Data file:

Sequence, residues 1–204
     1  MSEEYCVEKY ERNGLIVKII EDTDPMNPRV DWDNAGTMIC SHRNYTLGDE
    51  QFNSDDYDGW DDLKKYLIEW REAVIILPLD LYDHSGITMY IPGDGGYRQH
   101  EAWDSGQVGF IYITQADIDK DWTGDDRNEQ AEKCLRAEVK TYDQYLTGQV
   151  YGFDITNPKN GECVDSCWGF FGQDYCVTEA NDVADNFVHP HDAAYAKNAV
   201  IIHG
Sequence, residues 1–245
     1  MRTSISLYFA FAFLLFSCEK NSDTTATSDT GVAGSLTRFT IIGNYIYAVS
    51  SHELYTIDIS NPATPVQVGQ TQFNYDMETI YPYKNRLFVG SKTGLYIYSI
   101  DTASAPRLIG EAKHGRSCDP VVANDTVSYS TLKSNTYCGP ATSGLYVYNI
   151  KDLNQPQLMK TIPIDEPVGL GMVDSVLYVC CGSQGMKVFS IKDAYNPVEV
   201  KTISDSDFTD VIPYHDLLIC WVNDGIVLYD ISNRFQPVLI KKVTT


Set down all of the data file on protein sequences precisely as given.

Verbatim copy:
Sequence, residues 1–204
     1  MSEEYCVEKY ERNGLIVKII EDTDPMNPRV DWDNAGTMIC SHRNYTLGDE
    51  QFNSDDYDGW DDLKKYLIEW REAVIILPLD LYDHSGITMY IPGDGGYRQH
   101  EAWDSGQVGF IYITQADIDK DWTGDDRNEQ AEKCLRAEVK TYDQYLTGQV
   151  YGFDITNPKN GECVDSCWGF FGQDYCVTEA NDVADNFVHP HDAAYAKNAV
   201  IIHG
Sequence, residues 1–245
     1  MRTSISLYFA FAFLLFSCEK NSDTTATSDT GVAGSLTRFT IIGNYIYAVS
    51  SHELYTIDIS NPATPVQVGQ TQFNYDMETI YPYKNRLFVG SKTGLYIYSI
   101  DTASAPRLIG EAKHGRSCDP VVANDTVSYS TLKSNTYCGP ATSGLYVYNI
   151  KDLNQPQLMK TIPIDEPVGL GMVDSVLYVC CGSQGMKVFS IKDAYNPVEV
   201  KTISDSDFTD VIPYHDLLIC WVNDGIVLYD ISNRFQPVLI KKVTT